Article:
MACRA 101: MIPS and the Quality Reporting Category

Christine Bulgozdi
Associate Editor
Loyola University Chicago School of Law, JD 2018

 

The Merit-based Incentive Payment System (“MIPS”) is one of the two different payment methods that MACRA will use for eligible clinicians. MIPS replaces the existing fee-for-service model and is expected to be the payment track that most clinicians take. Clinicians will be evaluated based on a single Composite Performance Score from four reporting categories: Quality, Resource Use, Advancing Care Information and Clinical Practice Improvement Activities.  This article will detail the requirements of the Quality reporting category as well as provide tips on how to maximize this score.

 

In the first year that MACRA takes full effect, Quality reporting is the first and highest ranking reporting category. The Quality score will make up 60% of the overall composite score. Each subsequent year, the weight of the Quality score decreases, where it will remain steady for 2021 and beyond.

 

The Quality reporting category replaces the Physician Quality Reporting System (“PQRS”) and the quality component of the Value Modifier Program currently in practice. The Quality score contains similar measures as the current PQRS but reduces the amount of measures to be reported from nine to six and contains an emphasis on outcome measurements.

 

Under this new Quality reporting category, clinicians are able to choose which six measures they will report and be evaluated on. Of these six measures, one must be a cross-cutting, multidisciplinary measure and one must be an outcome measure or a high priority measure if the former is unavailable. Clinicians choose these six measures from either the list of proposed measures or from a set of more specific specialty measures. Additional population measures will also be automatically calculated for each clinician based off of Medicare claims data. If a clinician is unable to identify six measures that apply to his or her organization, the clinician should report on all the measures that are applicable.

 

Luckily, the final rule has established a lower threshold for the first reporting year. During this first reporting year for 2017, clinicians need only report on six quality measures, or they can choose to report one specific specialty measure or a specific subspecialty measure set. For subsequent years, the reporting will be as proposed above.

 

Clinicians, or groups, may report these measures in a variety of ways: claims data, qualified clinical data registry, qualified registry, administrative claims, or EHR vendors.  For groups of 25 or more clinicians, these measures may also be reported via a CMS web interface.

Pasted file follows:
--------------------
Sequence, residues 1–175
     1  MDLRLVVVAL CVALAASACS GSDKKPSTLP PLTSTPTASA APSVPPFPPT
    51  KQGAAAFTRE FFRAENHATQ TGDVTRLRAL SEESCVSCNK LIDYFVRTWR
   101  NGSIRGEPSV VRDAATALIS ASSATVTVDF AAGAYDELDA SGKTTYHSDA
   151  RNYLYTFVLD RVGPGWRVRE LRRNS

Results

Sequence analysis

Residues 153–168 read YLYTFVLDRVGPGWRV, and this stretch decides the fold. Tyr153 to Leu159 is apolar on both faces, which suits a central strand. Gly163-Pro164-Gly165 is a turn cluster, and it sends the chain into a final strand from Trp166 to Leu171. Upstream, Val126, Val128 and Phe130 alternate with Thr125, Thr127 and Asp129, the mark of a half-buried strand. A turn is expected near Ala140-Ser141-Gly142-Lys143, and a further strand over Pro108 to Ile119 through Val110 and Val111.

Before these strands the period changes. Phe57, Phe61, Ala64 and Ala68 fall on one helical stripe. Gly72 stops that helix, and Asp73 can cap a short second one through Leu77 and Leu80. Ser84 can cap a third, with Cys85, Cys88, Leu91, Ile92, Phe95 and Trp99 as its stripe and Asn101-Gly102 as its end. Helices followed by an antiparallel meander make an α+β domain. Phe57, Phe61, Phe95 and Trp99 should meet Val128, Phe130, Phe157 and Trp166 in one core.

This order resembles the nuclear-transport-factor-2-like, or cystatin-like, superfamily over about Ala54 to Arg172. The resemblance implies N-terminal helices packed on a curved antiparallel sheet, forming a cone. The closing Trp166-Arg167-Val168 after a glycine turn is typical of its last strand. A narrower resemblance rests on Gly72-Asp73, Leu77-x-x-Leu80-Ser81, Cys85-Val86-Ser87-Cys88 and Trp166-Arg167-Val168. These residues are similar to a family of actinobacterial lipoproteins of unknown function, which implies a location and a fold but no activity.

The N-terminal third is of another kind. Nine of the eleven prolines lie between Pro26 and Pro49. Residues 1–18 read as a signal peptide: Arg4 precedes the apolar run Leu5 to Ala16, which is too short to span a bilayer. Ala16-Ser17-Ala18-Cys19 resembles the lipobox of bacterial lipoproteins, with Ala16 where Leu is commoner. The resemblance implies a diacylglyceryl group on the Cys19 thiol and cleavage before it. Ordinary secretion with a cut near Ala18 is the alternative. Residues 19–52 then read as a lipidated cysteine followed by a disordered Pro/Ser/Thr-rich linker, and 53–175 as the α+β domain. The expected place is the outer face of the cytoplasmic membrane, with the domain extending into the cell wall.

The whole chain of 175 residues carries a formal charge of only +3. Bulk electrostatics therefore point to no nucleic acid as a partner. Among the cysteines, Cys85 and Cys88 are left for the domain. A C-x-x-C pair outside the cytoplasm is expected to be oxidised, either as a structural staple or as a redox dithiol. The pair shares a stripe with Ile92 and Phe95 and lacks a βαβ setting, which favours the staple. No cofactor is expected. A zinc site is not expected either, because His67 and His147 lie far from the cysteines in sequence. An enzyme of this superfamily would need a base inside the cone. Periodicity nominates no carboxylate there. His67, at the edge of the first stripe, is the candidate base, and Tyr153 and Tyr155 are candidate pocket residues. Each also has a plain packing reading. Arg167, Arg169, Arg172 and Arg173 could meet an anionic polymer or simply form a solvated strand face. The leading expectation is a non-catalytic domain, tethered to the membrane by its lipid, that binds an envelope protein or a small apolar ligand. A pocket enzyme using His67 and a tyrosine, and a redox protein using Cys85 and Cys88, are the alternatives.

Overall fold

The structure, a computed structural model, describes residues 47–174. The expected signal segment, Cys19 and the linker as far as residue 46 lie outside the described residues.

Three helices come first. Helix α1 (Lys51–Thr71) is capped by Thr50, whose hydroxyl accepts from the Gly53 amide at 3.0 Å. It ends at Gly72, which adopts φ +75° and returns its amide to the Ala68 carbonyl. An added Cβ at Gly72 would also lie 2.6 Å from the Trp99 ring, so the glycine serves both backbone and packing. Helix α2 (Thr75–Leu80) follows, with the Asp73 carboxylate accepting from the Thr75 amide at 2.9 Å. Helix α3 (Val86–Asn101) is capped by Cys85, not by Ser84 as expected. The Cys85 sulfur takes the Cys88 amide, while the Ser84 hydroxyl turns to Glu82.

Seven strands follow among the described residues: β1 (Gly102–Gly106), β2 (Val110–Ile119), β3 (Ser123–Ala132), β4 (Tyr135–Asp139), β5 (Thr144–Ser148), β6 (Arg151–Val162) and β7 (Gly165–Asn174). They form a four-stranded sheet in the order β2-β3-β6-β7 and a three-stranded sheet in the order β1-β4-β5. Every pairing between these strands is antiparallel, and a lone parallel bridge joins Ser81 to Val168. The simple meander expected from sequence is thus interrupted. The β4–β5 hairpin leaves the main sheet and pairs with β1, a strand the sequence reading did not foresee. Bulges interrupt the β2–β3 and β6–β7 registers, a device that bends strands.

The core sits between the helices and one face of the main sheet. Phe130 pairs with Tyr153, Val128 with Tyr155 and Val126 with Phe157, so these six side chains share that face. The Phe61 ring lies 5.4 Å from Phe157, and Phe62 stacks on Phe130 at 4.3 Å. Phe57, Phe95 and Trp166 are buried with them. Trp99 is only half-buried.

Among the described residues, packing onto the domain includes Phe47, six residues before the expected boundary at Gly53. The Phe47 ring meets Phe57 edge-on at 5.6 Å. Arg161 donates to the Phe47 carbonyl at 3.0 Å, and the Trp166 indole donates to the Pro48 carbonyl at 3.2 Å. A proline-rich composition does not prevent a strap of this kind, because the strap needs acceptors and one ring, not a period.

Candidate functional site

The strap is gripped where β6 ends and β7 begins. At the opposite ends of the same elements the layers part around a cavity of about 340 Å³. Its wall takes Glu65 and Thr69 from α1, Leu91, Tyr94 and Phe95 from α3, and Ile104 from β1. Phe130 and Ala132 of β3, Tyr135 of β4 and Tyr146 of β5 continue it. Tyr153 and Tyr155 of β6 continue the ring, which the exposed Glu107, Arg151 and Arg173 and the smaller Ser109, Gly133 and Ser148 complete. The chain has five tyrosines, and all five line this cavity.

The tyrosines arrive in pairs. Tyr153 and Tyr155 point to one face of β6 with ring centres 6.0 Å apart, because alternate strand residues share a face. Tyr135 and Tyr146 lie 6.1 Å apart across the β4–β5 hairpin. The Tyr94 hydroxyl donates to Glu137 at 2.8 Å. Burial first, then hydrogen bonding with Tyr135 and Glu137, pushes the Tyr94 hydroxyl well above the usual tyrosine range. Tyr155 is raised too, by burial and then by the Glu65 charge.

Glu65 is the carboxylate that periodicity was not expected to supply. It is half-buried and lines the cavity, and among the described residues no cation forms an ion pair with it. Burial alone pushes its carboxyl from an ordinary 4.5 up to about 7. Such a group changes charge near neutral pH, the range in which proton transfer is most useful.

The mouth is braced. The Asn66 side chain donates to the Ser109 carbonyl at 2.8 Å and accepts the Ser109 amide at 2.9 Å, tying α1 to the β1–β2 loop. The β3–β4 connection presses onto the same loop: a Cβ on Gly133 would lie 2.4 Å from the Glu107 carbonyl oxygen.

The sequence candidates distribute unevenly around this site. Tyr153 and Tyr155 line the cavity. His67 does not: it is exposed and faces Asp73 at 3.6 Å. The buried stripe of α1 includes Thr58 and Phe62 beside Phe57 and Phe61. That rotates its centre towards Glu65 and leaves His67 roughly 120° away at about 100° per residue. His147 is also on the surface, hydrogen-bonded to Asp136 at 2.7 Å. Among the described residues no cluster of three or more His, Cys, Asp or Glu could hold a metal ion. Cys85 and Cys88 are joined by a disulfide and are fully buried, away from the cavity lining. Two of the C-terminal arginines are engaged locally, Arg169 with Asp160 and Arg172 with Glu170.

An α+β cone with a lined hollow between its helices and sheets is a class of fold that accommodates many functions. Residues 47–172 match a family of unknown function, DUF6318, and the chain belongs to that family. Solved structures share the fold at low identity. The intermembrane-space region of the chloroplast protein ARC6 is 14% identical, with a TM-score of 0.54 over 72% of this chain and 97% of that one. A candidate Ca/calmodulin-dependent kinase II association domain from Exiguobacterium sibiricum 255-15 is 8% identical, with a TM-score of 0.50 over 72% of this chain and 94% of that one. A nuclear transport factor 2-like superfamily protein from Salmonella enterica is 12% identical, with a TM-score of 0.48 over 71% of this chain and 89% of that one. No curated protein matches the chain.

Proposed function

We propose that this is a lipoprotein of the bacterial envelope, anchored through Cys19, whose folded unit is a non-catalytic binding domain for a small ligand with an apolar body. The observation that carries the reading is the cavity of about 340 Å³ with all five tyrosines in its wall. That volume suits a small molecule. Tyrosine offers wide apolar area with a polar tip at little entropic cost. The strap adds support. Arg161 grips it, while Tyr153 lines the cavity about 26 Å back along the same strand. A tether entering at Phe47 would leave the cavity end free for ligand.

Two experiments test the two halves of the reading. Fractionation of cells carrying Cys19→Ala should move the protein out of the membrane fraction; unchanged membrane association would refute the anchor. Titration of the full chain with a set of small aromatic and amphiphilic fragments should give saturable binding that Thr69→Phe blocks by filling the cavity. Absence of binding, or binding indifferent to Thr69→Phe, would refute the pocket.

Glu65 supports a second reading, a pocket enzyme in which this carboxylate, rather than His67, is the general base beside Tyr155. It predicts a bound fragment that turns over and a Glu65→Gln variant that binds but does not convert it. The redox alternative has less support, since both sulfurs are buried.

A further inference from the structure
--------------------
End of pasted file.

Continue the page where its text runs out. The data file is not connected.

Calculating the Quality Performance Score

 

The Quality performance score is calculated by converting each measure into points and dividing a clinician’s points with the total possible points which can be awarded. Each of the six measures is converted to a score between one and ten. There are no points awarded for unreported measures. Furthermore, there is a possibility of bonus points which can be awarded for additional reporting outcomes, patient experience, appropriate use, patient safety and EHR reporting. A clinician’s total points is calculated by adding all the measure points and the bonus points together.

 

The points awarded for each of the measures is calculated based on deciles. Deciles are published by the Center for Medicare and Medicaid Services (“CMS”) based on national performance two years prior. Points are given based on where a clinician’s performance data lies within the decile range. Clinician’s with top performances will land in the highest decile and receive ten points. Any reported data will receive no lower than one point and clinicians who report less than required will receive zero points for the unreported measures.

 

Additionally, there are opportunities for up to 10% in bonus points. Bonus points are awarded for additional high priority measures that are reported and for a CEHRT bonus, each bonus allows up to 5% of possible total. The additional high priority measures give two bonus points for additional outcome and/or patient experience and also one bonus point for other high priority measures. The CEHRT bonus allows one bonus point for each measure using CEHRT in end-to-end electronic reporting.

 

What’s Next for Compliance Programs?

 

As MACRA slowly becomes more understandable, clinicians should start to look at whether they will be eligible for the MIPS or APM payment path. Clinicians subject to MIPS will need to start considering how this new payment method will affect their organization. These clinicians can compare the current method and its measures to the new ones that will apply under MACRA and MIPS in 2017. The new Quality Reporting category will be especially important during the first two years MACRA becomes active. With the entire healthcare industry moving towards quality based payments, a focus on quality improvement and the new quality measures will be essential for maximizing payment. Compliance officers can begin looking at the variety of measures to choose from for their reporting and figure out which ones apply to their organization. By determining which measures to report in advance, compliance programs can help ensure that the transition to MACRA will be as smooth as possible.

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